Atypical squamous cells of undetermined significance (ASCUS). Thin, flat cells called squamous cells grow on the surface of a healthy cervix. ASCUS occurs when these cells are not typical. Your doctor will do a test with a special liquid to see if HPV is present. If it’s not, there’s probably no need for concern.

Squamous intraepithelial lesion. These cells may be precancerous. Doctors call changes to them “low-grade” or “high-grade.” If they’re low-grade, a precancerous cell may not turn to cancer for many years. If it’s high-grade, the cells could turn to cancer much sooner. Your doctor will likely order more tests, including a colposcopy, an instrument that shows changes in the cervix that may lead to a biopsy of cervical tissue to check for cancerous cells.   

Atypical glandular cells. These cells make mucus. They grow in the opening of your cervix and inside your uterus. If they appear to be abnormal, your doctor will order more tests, including a colposcopy, to find out for sure if it’s cancer.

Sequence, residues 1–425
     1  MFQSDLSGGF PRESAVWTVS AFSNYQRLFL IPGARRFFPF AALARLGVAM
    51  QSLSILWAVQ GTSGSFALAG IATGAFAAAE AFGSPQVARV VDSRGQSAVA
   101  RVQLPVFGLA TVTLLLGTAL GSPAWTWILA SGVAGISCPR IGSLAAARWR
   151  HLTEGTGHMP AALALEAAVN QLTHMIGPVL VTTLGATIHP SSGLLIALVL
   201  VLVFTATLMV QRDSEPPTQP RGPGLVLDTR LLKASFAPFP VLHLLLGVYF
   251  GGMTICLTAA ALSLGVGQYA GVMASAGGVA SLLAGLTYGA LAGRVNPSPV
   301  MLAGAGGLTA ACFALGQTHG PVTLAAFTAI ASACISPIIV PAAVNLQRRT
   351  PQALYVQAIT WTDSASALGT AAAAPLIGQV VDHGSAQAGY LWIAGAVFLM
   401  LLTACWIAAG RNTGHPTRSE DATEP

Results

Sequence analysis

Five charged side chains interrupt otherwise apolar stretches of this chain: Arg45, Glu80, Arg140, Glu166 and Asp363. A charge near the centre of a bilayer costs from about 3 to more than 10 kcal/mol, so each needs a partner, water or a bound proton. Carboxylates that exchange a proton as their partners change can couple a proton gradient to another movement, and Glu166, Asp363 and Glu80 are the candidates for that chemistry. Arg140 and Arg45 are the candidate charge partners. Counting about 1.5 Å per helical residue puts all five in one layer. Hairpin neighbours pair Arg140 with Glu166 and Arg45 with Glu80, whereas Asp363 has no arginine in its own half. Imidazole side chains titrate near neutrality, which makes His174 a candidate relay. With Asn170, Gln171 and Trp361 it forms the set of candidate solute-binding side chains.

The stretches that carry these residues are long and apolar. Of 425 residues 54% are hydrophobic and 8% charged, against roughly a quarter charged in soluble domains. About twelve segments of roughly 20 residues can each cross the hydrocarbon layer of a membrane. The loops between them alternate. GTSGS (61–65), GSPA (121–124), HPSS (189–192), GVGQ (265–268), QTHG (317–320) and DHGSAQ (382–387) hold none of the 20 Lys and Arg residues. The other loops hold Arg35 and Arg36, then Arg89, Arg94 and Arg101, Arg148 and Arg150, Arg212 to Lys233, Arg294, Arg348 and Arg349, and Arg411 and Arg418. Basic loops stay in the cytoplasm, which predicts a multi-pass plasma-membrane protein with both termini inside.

Squamous cell cancer or adenocarcinoma cells. This means the cells on your cervix are so abnormal, your doctor is almost certain it’s cancer.

To be sure, your doctor will likely order two other tests: a colposcopy and a biopsy.

During a colposcopy, your doctor will insert a speculum into your vagina, just like they did for the Pap test. This time, they’ll look at the cervix with a colposcope. This is a tool that has a lens and a bright light that allows your doctor to get a better look at your cervix. They will swab your cervix with vinegar or some other liquid solution. It’ll highlight any suspicious-looking areas. Your doctor will be able to see them through the lens on the colposcope.

If your doctor finds areas that don’t look right, they’ll take a sample, called a biopsy. They’ll send the tissue to a lab for further testing.

A Pap smear is considered a safe procedure. But it’s possible that the test may miss some abnormal cells or cervical cancers. This is called a false negative. Talk to your doctor about the benefits and risks of cervical cancer screening.